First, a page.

Presented at the 6th International Congress of Human Genetics, Jerusalem, September 1981, by J.L.
European collaborative study on prenatal diagnosis: Mosaicism, pseudomosaicism and single abnormal cells in amniotic fluid cell cultures†
Article first published online: 21 NOV 2005
Copyright © 1984 John Wiley & Sons, Ltd.
Special Issue: Collaborative Studies in Prenatal Diagnosis of Chromosome Aberrations
Volume 4, Issue 7, pages 145–162, November/December 1984
How to Cite
Bui, T.-H., Iselius, L. and Lindsten, J. (1984), European collaborative study on prenatal diagnosis: Mosaicism, pseudomosaicism and single abnormal cells in amniotic fluid cell cultures. Prenat. Diagn., 4: 145–162. doi: 10.1002/pd.1970040710
- Issue published online: 21 NOV 2005
- Article first published online: 21 NOV 2005
- Chromosome mosaicism;
- Prenatal diagnosis;
- European collaborative study
A report is given of the results of a European collaborative study on mosaicism, pseudomosaicism and single abnormal cells in amniotic fluid cell cultures. The mean frequency of cases with mosaicism was 0.10 per cent, with pseudomosaicism 0.64 per cent and with single abnormal cells 2.83 per cent in a series of 44 170 amniotic fluid samples. There was no significant difference between the colony (in situ) and the flask method with regard to the frequency of mosaicism. Pseudomosaicism and single abnormal cells were more frequent in cases studied with the flask method probably due to other factors than the method of cultivation of the cells.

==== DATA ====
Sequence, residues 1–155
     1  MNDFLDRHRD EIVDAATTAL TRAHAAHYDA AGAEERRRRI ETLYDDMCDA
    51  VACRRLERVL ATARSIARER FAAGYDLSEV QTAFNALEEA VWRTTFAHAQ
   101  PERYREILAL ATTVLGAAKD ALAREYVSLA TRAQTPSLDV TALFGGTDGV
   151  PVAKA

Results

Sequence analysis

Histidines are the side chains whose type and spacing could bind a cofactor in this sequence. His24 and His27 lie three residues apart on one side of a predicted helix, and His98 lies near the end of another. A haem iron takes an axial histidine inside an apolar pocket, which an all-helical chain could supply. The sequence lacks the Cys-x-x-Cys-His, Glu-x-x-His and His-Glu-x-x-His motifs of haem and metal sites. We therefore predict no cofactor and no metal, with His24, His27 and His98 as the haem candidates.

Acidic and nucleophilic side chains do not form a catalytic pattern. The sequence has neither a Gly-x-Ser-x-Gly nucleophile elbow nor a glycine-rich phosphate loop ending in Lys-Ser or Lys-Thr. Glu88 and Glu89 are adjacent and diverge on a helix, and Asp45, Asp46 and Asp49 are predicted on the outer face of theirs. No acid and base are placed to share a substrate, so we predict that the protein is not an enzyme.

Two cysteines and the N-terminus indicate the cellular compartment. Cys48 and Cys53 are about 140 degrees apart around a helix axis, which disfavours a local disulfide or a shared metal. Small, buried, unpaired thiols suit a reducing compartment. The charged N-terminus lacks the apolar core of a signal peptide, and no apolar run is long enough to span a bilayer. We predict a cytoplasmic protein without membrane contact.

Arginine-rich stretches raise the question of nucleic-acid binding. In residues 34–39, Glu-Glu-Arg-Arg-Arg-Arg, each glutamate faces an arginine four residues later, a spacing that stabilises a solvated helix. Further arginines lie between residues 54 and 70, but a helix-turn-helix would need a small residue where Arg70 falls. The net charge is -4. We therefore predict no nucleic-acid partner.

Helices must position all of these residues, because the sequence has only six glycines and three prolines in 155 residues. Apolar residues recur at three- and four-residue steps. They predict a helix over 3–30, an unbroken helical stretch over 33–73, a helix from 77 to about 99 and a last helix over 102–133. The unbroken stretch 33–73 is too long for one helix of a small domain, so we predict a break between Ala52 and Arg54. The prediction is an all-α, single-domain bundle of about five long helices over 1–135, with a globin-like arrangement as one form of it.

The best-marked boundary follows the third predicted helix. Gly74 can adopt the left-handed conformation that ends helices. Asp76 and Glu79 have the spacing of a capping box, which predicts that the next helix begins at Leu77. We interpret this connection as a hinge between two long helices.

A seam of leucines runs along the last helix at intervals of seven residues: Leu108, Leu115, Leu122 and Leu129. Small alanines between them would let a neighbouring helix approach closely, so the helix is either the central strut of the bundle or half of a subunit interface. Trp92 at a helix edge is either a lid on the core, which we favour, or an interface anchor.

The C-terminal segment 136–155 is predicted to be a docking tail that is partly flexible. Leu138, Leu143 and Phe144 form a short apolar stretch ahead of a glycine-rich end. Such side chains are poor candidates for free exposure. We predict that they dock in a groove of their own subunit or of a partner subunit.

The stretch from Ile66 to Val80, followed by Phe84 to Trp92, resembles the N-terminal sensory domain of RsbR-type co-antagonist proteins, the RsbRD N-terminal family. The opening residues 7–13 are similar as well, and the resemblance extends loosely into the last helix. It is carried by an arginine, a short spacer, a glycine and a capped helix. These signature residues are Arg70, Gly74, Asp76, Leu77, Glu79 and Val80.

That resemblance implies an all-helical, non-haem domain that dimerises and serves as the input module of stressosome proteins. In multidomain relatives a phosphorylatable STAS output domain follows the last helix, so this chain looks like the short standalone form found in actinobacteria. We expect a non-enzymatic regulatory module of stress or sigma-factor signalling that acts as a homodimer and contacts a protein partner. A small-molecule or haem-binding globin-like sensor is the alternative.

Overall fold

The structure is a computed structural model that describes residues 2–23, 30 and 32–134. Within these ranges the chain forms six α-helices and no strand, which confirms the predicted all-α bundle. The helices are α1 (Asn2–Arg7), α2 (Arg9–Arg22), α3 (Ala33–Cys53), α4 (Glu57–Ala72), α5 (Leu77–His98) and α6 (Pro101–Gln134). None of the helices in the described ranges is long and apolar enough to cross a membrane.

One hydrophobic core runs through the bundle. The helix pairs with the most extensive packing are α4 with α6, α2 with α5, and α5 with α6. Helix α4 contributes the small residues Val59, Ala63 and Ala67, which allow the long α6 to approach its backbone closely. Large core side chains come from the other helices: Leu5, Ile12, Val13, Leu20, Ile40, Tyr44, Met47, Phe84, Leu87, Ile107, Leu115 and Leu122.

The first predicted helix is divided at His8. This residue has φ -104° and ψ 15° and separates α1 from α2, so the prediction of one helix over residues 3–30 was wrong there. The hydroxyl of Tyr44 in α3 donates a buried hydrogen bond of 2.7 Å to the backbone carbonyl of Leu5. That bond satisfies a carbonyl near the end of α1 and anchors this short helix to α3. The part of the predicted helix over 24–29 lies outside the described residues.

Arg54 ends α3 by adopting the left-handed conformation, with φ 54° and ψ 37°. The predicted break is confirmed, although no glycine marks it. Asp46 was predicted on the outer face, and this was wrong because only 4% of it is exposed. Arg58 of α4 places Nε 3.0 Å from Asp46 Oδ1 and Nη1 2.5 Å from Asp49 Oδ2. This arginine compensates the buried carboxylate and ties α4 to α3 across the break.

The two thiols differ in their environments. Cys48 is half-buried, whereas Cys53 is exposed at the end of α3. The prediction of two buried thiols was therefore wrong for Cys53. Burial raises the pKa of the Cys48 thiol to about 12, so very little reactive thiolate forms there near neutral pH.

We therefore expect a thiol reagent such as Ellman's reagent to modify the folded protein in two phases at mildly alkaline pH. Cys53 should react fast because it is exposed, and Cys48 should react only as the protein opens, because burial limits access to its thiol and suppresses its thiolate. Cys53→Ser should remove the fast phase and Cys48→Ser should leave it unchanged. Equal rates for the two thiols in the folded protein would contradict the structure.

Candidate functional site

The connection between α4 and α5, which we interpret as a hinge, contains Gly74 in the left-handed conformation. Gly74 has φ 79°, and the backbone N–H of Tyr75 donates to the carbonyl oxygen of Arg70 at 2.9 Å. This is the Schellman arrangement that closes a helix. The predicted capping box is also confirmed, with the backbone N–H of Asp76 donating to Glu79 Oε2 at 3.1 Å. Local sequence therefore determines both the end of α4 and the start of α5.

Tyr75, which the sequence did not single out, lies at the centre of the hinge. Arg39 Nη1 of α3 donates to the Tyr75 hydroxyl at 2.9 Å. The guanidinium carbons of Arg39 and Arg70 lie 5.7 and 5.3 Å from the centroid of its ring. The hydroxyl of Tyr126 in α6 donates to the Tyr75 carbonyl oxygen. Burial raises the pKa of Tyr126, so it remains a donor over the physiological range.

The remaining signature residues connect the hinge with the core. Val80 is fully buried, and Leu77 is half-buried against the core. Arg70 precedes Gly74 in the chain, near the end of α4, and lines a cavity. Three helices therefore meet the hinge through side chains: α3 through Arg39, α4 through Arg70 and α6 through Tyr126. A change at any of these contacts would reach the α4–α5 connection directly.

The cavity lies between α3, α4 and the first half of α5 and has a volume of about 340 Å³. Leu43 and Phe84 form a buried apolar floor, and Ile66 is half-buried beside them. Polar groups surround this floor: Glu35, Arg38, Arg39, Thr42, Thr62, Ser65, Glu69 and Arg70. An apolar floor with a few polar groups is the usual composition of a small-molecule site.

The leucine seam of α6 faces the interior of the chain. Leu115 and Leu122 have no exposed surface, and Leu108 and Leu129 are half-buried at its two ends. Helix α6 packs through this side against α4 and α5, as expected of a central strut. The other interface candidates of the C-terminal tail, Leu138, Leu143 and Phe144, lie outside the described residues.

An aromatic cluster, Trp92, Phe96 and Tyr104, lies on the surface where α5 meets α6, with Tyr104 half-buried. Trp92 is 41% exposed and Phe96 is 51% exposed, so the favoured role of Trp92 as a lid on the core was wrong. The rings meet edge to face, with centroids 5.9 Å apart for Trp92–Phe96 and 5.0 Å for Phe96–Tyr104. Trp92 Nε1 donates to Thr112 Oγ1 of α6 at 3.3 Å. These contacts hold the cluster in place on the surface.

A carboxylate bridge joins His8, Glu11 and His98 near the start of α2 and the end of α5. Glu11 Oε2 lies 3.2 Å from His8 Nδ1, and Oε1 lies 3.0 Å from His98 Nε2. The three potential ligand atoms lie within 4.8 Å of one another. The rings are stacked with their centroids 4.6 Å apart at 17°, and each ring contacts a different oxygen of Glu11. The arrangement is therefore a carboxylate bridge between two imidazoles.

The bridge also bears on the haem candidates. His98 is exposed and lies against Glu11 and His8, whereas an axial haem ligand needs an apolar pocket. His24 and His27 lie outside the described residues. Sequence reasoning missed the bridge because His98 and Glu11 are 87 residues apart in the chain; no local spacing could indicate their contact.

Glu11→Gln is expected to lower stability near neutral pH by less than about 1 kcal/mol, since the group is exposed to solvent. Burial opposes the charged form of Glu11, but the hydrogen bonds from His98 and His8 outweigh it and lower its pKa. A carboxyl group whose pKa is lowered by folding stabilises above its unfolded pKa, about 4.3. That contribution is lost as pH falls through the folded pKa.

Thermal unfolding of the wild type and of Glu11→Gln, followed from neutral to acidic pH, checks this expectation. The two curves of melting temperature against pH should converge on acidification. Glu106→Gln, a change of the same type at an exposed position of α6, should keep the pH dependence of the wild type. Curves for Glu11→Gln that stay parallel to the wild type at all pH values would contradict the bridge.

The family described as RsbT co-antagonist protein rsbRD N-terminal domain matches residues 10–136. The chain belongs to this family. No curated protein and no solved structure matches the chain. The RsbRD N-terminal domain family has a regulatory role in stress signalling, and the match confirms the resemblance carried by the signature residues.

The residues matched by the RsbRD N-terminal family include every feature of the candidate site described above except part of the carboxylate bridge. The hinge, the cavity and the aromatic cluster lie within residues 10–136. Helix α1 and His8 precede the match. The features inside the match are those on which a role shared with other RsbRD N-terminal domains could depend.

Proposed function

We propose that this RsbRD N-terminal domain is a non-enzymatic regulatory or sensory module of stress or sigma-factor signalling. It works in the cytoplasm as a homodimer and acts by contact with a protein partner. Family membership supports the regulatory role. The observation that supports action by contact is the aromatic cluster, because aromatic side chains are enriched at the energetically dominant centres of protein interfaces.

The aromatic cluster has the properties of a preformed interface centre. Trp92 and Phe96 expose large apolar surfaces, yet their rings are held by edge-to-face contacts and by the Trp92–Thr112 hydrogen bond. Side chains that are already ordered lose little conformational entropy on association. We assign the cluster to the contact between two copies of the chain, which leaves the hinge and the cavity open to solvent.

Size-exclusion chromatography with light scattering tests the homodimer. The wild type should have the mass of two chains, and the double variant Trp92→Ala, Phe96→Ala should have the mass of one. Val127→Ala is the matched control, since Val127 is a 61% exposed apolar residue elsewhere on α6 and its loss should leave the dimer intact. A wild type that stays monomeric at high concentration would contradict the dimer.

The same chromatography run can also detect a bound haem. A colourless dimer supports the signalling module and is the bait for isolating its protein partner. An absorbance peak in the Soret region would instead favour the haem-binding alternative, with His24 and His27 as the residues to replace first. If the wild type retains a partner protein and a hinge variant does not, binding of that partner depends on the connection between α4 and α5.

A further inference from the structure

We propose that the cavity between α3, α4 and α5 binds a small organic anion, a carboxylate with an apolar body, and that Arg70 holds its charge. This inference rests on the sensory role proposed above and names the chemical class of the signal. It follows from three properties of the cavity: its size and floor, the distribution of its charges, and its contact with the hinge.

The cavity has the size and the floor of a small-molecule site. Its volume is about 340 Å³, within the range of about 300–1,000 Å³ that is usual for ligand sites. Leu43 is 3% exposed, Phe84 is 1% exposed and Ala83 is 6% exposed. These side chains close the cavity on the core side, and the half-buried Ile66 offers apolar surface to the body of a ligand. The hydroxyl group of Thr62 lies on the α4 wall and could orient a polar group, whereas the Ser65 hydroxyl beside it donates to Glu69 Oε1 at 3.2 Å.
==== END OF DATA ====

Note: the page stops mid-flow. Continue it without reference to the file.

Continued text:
The frequency of maternal cell contamination was 0.17 per cent and the frequency of wrong sex assignment was 0.11 per cent. A more correct estimation is obtained if these frequencies are doubled.
There was a considerable variation between laboratories with regard to the frequencies given above. One reason for this variation is that there are no sharp limits between mosaicism, pseudomosaicism and single abnormal cells. Thus the material contained cases diagnosed as having pseudomosaicism which turned out to be mosaics at birth and to have an abnormal phenotype. These cases were very rare but pose a definite problem in prenatal cytogenetic diagnosis.